Page 1 Page 2 Page 3 Page 4 Page 5 Page 6 Page 7 Page 8 Page 9 Page 11 Page 12 Page 13 Page 14
XIX Corps "German Organization of Deliberate Defense in Depth"...south of La Meauffe, France
823rd Tank Destroyer Battalion December '44 After Action Report PDF file
Mortain....series of reports, overlays, maps of the Battle of Mortain. Aug. 6th - 12th.
National Archives report of the 119th IR Unit Journal from Sept. 10th to 15th. PDF file
Film of the Liberation of Heerlen...Part 1...YouTube link.
Film of the Liberation of Heerlen...Part 2...YouTube link.
Film of the Liberation of Valkenburg...YouTube link.
Film of the Liberation of Maastricht...You Tube link.
Crossing the Roer River...You Tube Link
National Archives report of the 120th fighting Nov. 16-28, 1944...PDF file
National Archives report of the 120th fighting Jan. 1945....PDF file
Book by Roger P. Casey....119th Infantry Regiment, Company D.
119th, Co. G, September 2007 Reunion, Gettysburg, PA.
LAST MAN GUIDON....click to enlarge.
LINK FOR More on reunion and Co. G history
XIX Corps Commendation:
30th items of Tech Grade 4 Joseph M Serena, Jr. 105th Engineer Battalion:
30th items of Pvt. First Class Kenneth A. Boel of the 119th Headquarters 3rd Battalion:
Date Feb. 25th, 1943 not sure where or who is Pvt. Boel.
Left: 1st Sgt. Philip Paul Greenville, NC Right: Staff Sgt. Mack Legget, Washington, NC both of the 113th FA.
Left: Cpl. Leroy Fee Right: Pfc. Max Aginik SP?????
Top: Pfc. Catlett (maybe T/Sgt Robert S. Catlett, 105th Med.) & Max Aginik Bottom: Pfc. John Zabassky, Unknown, Pfc. Jim Walher SP???
On the block: John (Adolph) Zabassky Holding Helmet: Max Aginiki
Wings of Liberation website
113th Cav. Group - Red Horse website
Article copied from National Archives 120th IR file.
Diary of George R. Schneider.....120th IR...... GREAT Reading!!! Link courtesy of www.IndianaMilitary.com
Words cannot express the
gratitude and admiration I have for Mr. Jo Smeets, his family and all those who
have adopted the graves of our loved ones. I'm certain it took Mr. Smeets
considerable time and effort in locating our family to send us pictures and to
let us know that he adopted Stanley's grave.
Pfc. Stanley Stephan Jamraz, 120th Infantry Regiment, 30th Infantry Division was killed in Lohn, Germany, on his 23rd birthday, March 26, 1945 .
His younger brother Joseph was already serving with the 115th Infantry Regiment, 29th Infantry Division somewhere in France when in October 1944 Stanley was shipped overseas. I am told there was an occasion when Joseph thought he might be able to meet up with Stanley for a few minutes...... when across the field one day Joseph saw the Chaplin walking towards him.......... he knew he would not see Stanley again.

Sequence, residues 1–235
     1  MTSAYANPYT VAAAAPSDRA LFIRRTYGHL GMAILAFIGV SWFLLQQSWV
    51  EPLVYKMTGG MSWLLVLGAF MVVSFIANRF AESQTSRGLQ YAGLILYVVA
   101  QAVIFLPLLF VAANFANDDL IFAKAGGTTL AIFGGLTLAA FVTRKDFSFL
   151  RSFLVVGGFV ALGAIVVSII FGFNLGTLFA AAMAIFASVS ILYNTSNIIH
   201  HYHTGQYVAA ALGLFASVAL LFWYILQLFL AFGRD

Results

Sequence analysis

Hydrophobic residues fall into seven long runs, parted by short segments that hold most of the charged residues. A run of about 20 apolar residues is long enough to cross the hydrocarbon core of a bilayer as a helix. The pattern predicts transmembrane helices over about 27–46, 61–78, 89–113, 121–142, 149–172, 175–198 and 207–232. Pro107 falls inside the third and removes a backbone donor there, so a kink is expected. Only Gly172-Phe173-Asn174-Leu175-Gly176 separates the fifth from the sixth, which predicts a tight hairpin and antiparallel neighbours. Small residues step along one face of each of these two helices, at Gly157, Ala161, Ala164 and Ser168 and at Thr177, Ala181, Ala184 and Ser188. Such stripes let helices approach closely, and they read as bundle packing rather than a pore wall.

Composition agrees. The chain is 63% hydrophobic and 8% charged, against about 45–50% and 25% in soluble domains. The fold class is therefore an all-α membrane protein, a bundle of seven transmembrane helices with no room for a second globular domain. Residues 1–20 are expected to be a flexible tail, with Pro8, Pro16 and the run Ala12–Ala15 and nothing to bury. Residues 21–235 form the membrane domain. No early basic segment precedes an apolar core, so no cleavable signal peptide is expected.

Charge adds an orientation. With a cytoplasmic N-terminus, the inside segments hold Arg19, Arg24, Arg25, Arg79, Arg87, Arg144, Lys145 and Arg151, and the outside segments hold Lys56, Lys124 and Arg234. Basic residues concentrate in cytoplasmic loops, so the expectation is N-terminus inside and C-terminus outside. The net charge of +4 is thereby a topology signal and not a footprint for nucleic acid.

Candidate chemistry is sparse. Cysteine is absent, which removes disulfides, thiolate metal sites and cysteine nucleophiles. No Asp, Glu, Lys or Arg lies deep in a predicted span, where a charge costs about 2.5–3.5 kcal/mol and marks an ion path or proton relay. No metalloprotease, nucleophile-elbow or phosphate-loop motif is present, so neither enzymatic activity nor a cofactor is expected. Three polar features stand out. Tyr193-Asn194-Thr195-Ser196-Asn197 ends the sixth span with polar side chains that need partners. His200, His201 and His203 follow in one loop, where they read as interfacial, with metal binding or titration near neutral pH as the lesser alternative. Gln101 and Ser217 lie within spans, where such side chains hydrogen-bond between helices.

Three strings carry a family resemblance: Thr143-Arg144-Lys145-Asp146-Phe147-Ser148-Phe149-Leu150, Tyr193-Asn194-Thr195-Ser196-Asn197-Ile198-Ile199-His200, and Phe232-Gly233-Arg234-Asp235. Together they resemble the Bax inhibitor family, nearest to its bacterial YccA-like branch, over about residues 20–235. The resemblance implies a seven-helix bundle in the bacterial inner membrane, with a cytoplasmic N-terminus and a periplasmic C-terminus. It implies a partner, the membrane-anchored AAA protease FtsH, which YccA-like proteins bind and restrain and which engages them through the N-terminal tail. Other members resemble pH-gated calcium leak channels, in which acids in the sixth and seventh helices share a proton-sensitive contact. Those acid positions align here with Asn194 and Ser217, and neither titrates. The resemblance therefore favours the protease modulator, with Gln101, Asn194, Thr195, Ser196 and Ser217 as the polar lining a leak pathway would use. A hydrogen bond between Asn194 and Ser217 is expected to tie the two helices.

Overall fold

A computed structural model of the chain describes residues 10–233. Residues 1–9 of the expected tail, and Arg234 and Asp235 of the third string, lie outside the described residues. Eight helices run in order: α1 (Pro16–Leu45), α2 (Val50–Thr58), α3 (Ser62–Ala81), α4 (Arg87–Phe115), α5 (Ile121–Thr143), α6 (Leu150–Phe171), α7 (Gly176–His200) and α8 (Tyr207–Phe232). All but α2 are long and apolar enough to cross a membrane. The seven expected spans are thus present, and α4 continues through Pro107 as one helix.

Stanley Stephan Jamraz (right) with friend
Stanley was the third child born of a family of 10 children to John & Victoria Jamraz who emigrated from Poland.
He excelled in school and was a great athlete. During the "Great Depression" he was one of three million young men who enrolled in President Roosevelt's most popular experiment of the New Deal the Civilian Conservation Corp. One of the Corps projects was in renewing our nations decimated forests by planting over three billion trees. Each month $25.00 was sent to the family back home and he received $5.00. He was assigned to the 9th Corp. based in Nevada.
Stanley Jamraz with friend sitting at tree
During WWII he received four deferments from military service due to his employment at "Kellogg's Switchboard & Supply Company." He was a handsome guy, a great friend , very kind and always caring brother and son who made our family so very proud of him.
He leaves two living brothers Joseph, who served in WW II, Edwin who served in Korea with the 8th Army, 64th Field Hospital, (Helen) and five living sisters. Evelyn, Alice, Jean. Sylvia and Diana.
Stanley Jamraz' Statement of Service
30th ID Patch
The 30th Infantry Division was made up of the existing National Guard units from the States of North and South Carolina and Tennessee at the beginning of WWII. During WWII, The 30th Infantry Division served in Europe with distinction, and was designated as the #1 Infantry Division in the European Theater by Gen. Eisenhower's Chief Historian, Col. S.L.A. Marshall. Although the 30th Infantry Division was not involved in the actual invasion of Normandy, the 30th served valiantly at St. LO and at Mortain in France; it was the first infantry division to enter Belgium and The Netherlands, liberating the southern part of the Dutch Province of Limburg, where Stanley Jamraz found his final resting place.
The 30th was also instrumental in breaching the Siegfried Line in October 1944, and the capture of Aachen, Germany, the 1st large German city to be captured by the Allies in WWII.
The 30th Infantry Division was one of the main liberating U.S. units of the south of Limburg in September 1944. Local people were eager to show their gratitude to any liberator in many ways. This picture was taken in the vicinity of Meerssen, the town where caretaker Jo Smeets lives
The 30th made a rapid advance around the north side of the Ruhr Industrial Pocket, capturing Brunswick and finally capturing Magdeburg on the Elbe River on 17 April 1945.
Here the 30th Infantry Division met the Russians and remained in occupation of Magdeburg throughout the month of May, when it was turned over to the Russians for their permanent occupation, as this was their designated occupation territory. This brought the end of the war to the 30th Infantry Division.
After a brief occupation of an area on the Czech border, the 30th was alerted to return to the United States for further deployment to the Pacific. However, enroute to the U.S.A., the war in the Pacific came to an end by the dropping of the atomic bomb on Japan.
The 30th Infantry Division was proudly called "Old Hickory" after Andrew Jackson, the 7th President of the United States.
Pfc. Stanley Jamraz´ grave